I am a White, cisgendered gay male working in STEM. I am also the child of academics and have never wanted for anything. While I have some appreciation and experience of stigma and prejudice, I recognize my privilege and commit to being an active ally.
June 10, 2020
- I will listen to and believe colleagues of color. This applies generally, but here I call myself out with respect to racial and gender injustice specifically. I recognize that this pledge is long overdue, and that the blame lies solely with my unwillingness to listen to hard truths, even from my friends and colleagues. I couldn't believe that things were so bad because of the opacity of my privilege.
- I will speak up when I see injustice in academia, and I will amplify minority voices. I recognize that being a true ally is an act, not just a stance. I will use my privilege to point out inequity when I see it, and to repeat what women and people of color are saying, so their voices are heard. When I amplify, I will give credit to those who said it first.
- I will actively recruit and engage with students of color. When they speak, I will listen. I will use my privilege to amplify their voices, not to steal their intellectual work and present it as my own. When others praise me for their efforts, I will actively redirect that praise to them.
- I will do everything in my power to seek out collaboration from minority participants in my research. Because my research often involves collaboration between patients and healthcare providers, I acknowledge the racist history of human subjects research in medicine specifically, and the systemic barriers to care that disproportionately affect communities of color. I also recognize the racist origins of human subjects research, and that academia still perpetuates and participates in systems of inequality. Participants owe me nothing, and I owe them respect and partnership. I will fail at this sometimes. When I fail, I will be answerable to my conscience and will publicly announce my failure in publications and presentations, paired with real planned action for the future.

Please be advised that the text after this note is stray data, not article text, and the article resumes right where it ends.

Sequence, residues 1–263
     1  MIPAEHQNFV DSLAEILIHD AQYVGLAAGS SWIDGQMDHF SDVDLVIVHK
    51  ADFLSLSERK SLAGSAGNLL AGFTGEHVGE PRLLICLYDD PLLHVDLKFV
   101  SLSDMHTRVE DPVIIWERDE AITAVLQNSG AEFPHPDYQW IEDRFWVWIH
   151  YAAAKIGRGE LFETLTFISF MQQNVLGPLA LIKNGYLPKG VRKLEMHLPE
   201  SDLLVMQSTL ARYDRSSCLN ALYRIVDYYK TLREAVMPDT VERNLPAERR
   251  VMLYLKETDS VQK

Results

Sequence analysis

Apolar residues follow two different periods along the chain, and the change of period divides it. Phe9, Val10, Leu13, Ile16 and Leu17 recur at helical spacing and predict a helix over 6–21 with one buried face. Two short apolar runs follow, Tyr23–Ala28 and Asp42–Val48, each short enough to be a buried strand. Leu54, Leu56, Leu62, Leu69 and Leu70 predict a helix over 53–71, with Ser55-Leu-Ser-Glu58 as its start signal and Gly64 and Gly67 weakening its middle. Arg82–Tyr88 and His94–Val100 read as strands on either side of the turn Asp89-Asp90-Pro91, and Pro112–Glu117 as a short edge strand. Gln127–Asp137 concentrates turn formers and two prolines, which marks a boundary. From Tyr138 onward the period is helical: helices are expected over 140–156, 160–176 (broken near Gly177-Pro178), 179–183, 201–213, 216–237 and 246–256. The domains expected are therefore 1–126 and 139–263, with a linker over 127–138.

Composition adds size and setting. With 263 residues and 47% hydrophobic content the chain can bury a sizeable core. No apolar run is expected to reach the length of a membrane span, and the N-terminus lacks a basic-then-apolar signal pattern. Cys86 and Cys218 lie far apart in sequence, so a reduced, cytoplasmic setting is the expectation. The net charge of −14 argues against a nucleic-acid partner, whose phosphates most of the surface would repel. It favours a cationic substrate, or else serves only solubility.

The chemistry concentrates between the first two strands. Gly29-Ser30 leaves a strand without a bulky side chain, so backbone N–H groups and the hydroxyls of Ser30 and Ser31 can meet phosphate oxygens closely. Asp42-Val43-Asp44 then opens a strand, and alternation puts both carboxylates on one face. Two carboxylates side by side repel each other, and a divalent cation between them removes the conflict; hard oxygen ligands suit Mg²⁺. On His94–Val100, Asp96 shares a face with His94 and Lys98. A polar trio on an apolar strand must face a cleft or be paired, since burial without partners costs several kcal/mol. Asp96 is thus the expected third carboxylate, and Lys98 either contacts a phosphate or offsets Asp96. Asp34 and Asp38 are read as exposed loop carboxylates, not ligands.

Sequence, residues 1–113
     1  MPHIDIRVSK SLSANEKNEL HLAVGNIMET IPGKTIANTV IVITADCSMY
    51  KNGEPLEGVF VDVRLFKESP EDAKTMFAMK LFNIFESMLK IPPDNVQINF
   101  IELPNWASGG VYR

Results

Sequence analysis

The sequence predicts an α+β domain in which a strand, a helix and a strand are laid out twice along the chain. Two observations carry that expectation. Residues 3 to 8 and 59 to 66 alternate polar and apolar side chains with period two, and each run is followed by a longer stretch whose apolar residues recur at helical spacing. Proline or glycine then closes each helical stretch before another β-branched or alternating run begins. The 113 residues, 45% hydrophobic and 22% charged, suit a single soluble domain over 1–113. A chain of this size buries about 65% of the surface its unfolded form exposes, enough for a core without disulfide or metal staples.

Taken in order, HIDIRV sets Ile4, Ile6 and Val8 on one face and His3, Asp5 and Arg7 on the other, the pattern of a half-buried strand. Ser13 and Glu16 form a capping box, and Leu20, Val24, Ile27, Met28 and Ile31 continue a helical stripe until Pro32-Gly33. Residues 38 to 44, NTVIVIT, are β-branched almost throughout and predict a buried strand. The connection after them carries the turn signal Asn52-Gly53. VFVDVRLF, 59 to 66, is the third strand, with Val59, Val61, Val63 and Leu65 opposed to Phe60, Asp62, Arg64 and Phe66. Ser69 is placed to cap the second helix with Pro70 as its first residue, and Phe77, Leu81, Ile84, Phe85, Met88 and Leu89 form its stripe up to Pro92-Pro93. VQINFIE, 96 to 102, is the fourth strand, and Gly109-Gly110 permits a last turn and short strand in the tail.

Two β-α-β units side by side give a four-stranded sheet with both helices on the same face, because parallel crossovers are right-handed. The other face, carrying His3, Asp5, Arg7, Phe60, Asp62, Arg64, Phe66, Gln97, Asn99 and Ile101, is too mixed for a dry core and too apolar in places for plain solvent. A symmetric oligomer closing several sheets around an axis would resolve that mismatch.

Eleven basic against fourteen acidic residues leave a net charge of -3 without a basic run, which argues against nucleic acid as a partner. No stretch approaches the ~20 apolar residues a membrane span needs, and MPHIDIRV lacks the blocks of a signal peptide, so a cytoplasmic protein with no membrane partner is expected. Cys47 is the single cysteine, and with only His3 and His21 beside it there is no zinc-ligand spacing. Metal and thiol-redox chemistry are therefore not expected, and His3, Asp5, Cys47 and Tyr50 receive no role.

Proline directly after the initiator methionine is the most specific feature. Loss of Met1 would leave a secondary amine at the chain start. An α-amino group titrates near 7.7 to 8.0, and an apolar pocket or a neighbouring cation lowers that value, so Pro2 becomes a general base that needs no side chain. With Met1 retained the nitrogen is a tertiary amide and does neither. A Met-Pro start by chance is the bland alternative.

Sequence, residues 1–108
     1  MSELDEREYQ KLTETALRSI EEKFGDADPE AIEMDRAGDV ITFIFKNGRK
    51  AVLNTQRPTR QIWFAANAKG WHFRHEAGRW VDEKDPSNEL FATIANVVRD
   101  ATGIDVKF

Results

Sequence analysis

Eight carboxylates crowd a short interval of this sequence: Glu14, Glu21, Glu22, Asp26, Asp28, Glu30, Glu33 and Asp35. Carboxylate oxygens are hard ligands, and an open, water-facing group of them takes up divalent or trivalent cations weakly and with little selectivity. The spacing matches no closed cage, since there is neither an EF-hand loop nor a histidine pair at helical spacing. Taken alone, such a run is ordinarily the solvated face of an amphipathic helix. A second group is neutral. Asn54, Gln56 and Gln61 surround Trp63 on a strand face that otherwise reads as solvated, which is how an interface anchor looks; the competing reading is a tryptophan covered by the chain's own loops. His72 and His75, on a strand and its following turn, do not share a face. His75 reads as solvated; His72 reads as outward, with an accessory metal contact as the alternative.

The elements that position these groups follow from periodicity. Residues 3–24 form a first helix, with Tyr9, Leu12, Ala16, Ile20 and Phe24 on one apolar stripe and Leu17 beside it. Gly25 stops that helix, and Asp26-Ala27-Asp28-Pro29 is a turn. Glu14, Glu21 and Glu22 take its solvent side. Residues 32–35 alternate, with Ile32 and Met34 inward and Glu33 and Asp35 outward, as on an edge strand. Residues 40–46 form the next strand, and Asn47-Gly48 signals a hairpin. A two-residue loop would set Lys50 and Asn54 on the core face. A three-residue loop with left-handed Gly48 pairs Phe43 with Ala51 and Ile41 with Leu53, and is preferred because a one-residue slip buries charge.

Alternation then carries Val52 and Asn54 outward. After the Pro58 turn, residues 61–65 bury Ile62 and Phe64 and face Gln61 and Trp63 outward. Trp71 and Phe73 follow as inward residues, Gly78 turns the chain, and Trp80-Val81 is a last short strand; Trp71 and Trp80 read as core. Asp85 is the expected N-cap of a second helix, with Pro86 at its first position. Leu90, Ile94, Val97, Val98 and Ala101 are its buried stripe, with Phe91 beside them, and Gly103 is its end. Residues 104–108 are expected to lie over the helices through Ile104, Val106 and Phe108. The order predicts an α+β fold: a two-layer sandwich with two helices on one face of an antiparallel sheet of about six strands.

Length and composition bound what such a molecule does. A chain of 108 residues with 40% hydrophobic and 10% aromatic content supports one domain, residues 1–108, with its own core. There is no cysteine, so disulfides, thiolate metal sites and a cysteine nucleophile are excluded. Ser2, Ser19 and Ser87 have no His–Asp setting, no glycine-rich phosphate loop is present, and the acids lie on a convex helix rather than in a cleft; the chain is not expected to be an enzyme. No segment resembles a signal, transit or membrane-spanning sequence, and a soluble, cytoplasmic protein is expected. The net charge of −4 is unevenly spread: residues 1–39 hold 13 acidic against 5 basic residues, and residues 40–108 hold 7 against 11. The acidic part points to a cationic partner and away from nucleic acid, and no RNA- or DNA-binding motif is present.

- I will confront the multidimensional nature of race and racism, including class and power. In my allyship, I will account not only for racial diversity but diversity in income, geography, and in people’s relation to authority. My class privilege will be a significant barrier to me in this pledge. To counteract my blind spots here, I will actively work to uncover and account for the ways in which my research might differentially affect people based on their socioeconomic status and life experiences that differ from my own.
- I will not conduct research with police or the prison industrial complex. This is an easy one, because I had no plans to do so. But I have now come to realize that policing as an institution cannot be saved, and I pledge to give it no support in my professional life.
- I will not conduct research with the armed forces or the military industrial complex. This is harder, because I have done this in the past, telling myself that the basic science made it OK. I now recognize and honor the discomfort it caused me to conduct or supervise research directly tied to the improved efficiency of systems that take human life. I commit to trusting my internal discomfort more than the sense of “normalcy” that I previously used to quell it.
- I will not participate in a “Manel”, or all-male panel. This commitment also applies to any committee or professional engagement. I had already made this pledge to myself privately but I now make it publicly.
- I will not participate in an all-White event or panel. I recognize that this will be harder because the racial inequities in STEM research are even more stark than the gender imbalance. When I can recognize an all-White meeting or event in advance, I will volunteer my spot to be taken by a person of color. In the event that I unwittingly arrive at such an event, I will declare the lack of racial diversity in stark terms and demand a modification in future.
- I will add to this list as I learn more and strive to be a better ally. This list was the product of one day of reflection in solidarity with #blacklivesmatter and #shutdownSTEM on June 10, 2020. I recognize that one day is a drop in the ocean, and commit to returning to this list and deepening my commitment in the years to come. I also invite feedback, correction, and critique. You can reach me using the contact form on this site. If you want to stay anonymous, a fake email address is fine!